NEW MARTINSVILLE - Perhaps the evolution of Magnolia's Spencer Campbell started prior to its game with Wheeling Central last week.
Certainly River coach Mark Romick wished he had waited a couple games.
Campbell scored 25 points, 21 in the first half, as Magnolia rolled by its rival River, 65-43 on Tuesday night. It was the fourth victory in a row for Magnolia (4-3).
"Coach talked to me before the Wheeling Central game about being more of a factor early in games," Campbell said. "He said that would help take some of the pressure of (senior) Zach (Willhoite) and Preston (Boswell). It was something I tried to do."
His conscientious effort paid off, and the proof was in his performance.
After hitting for 12 points in the first half in a huge victory against Central last Friday, Campbell was at it again Tuesday. He had eight points in the first quarter, as Magnolia surged to a 17-0 lead, and he bettered that in the second, when he had 13, on 6 of 6 shooting, as the Blue Eagles screamed to a 41-8 lead.
"He is a very nice player who has made himself better," Romick said. "You know Boswell and Willhoite can score, but with Campbell it kind of gives them a three-headed monster. He can shoot the ball, take you off the dribble. He is hard to guard."
"I felt early on he was holding back," Magnolia coach Dave Tallman said. "He had wide-open shots and he wasn't taking them. I felt like he needed to get involved early. His performance shows that he is starting to do that."
Whether running flawlessly off screens for an open jumper, (he had three 3s) or getting a steal and a layin (he had four steals), Campbell was everywhere.
"I have to thank my teammates," Campbell said. "They find ways to get me the ball in open spots. Without them it's 5-on-1 and you won't win games like that."
River (2-9), a team rebuilding with 15 of Romick's 22 players either freshmen or sophomores, must have felt it was 5-on-1 at times.
Campbell received a lot of help in a lot of areas.
Big man Willhoite had nine points, nine rebounds and four blocked shots. Boswell had eight points, three steals, three rebounds and half-a-dozen assists. Mitch Winters had four points, five rebounds, two blocked shots and two steals. And Chase Miller played his usual steady defense. The bench scored 19 points and all but one player who dressed scored.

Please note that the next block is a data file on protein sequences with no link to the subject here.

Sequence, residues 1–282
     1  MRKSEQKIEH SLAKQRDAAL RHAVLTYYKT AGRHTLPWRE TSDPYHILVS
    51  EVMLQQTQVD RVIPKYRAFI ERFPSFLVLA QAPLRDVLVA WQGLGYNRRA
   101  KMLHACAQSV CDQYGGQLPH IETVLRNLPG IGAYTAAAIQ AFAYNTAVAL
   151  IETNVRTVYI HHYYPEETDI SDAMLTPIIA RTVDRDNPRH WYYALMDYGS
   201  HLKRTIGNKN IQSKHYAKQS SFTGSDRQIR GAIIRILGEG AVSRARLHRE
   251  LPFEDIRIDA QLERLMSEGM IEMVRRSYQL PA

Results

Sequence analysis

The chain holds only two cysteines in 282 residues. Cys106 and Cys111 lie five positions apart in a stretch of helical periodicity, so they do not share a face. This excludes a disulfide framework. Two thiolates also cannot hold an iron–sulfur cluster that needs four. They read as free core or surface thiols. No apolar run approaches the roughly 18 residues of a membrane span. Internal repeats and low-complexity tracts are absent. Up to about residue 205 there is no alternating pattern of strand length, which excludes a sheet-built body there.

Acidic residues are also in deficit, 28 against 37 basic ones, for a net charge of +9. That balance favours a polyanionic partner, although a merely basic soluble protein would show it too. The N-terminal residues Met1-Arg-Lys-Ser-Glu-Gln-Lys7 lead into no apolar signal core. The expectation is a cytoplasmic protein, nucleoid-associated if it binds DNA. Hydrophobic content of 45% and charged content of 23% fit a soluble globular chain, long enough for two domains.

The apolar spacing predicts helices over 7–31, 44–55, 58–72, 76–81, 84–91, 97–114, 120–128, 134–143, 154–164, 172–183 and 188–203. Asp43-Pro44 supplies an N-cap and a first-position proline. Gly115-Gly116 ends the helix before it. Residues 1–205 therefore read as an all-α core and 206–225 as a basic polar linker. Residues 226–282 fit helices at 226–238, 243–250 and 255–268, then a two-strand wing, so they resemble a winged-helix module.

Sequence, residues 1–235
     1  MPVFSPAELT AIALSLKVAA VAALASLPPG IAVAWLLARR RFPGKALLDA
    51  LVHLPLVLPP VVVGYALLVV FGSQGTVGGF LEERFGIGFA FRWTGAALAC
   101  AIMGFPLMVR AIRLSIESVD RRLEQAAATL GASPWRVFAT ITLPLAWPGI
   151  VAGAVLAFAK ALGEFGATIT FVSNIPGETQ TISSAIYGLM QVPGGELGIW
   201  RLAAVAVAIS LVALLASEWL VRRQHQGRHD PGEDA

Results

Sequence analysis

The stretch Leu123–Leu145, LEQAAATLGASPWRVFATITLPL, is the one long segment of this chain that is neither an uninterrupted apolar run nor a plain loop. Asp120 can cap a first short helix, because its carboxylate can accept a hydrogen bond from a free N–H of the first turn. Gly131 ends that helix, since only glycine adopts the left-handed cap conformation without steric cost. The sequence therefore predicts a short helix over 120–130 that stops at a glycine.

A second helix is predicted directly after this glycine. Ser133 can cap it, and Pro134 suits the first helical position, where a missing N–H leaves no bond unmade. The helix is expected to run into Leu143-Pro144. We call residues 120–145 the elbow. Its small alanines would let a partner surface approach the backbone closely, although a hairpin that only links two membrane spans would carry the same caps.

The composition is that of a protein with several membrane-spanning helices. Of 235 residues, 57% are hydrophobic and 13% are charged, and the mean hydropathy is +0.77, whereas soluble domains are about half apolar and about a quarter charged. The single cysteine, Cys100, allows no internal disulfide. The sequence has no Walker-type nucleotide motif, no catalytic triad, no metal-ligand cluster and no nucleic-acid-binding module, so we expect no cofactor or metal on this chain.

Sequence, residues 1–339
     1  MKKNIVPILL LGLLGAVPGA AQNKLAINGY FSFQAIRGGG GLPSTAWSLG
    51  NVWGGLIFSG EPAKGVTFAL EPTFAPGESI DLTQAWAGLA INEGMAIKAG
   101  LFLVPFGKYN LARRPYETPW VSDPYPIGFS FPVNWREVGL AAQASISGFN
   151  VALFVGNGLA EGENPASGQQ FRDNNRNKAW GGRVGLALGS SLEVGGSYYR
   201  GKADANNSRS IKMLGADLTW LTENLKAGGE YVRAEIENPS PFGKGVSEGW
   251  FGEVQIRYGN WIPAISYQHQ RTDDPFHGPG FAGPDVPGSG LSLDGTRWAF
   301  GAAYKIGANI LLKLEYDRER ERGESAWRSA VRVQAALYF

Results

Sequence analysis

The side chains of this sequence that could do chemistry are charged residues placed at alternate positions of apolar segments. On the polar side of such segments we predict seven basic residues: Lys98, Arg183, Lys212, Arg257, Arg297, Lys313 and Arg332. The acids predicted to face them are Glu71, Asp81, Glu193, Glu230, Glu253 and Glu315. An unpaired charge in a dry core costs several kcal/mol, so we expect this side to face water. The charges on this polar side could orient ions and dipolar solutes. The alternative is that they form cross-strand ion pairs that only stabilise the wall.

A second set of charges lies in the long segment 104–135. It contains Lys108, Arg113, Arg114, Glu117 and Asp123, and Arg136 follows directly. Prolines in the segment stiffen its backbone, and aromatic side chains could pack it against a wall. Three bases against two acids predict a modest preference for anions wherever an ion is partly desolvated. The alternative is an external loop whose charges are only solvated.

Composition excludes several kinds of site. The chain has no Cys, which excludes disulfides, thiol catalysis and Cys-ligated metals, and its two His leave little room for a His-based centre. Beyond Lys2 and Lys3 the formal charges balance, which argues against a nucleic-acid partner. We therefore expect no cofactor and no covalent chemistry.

"We had trouble competing with their athleticism and their size," Romick said. "Unless you play with a chip on your shoulder in those situations, this is going to happen. A good team is going to sense that and they're going to go for the jugular. That is what happened. We got in a hole early and it was too much to dig from."
River didn't score its first basket until the 6:45 mark of the second quarter. By that point the Blue Eagles had built a 21-2 lead.
Behind the hot shooting of Campbell, Magnolia, No. 10 in the most recent West Virginia Class A poll, never stopped, leading by 33 at the half.
From that point Tallman was able to substitute freely, and he did.
Campbell's emergence is just what Tallman expected.
"The impressive thing about what he did is (River) was playing a defense that was designed to stop him," Tallman said. "He has the ability to do that. He can take people off the ball so well. We probably haven't had that since Ted Talkington."
That puts Campbell, a junior, in rarefied air.
Talkington, who led Magnolia to its last state basketball championship in 2003 and was a 2,000-point scorer, went on to WVU, where he earned playing time as a walk-on, scoring 42 career points and playing in 46 games.
Campbell, who was just starting school when Talkington was starring in New Martinsville, smiled wide at the comparison.
Then he looked at the future.
"We had a rough start but we are coming together," Campbell said. "We are starting to play well. We're getting into a groove."
That's bad news for future opponents.
Parker Coretti and Jarrett Armann had nine points apiece to lead River and Eric Dierkes added eight.